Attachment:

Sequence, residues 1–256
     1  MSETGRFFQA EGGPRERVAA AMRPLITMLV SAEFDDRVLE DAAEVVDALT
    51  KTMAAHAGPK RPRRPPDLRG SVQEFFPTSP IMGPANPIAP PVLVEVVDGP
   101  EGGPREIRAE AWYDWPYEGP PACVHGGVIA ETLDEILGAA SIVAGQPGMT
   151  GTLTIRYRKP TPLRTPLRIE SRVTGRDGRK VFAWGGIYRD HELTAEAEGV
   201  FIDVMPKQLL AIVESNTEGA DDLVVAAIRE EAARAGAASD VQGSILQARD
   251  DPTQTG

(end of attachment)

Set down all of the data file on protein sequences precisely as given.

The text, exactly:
Sequence, residues 1–256
     1  MSETGRFFQA EGGPRERVAA AMRPLITMLV SAEFDDRVLE DAAEVVDALT
    51  KTMAAHAGPK RPRRPPDLRG SVQEFFPTSP IMGPANPIAP PVLVEVVDGP
   101  EGGPREIRAE AWYDWPYEGP PACVHGGVIA ETLDEILGAA SIVAGQPGMT
   151  GTLTIRYRKP TPLRTPLRIE SRVTGRDGRK VFAWGGIYRD HELTAEAEGV
   201  FIDVMPKQLL AIVESNTEGA DDLVVAAIRE EAARAGAASD VQGSILQARD
   251  DPTQTG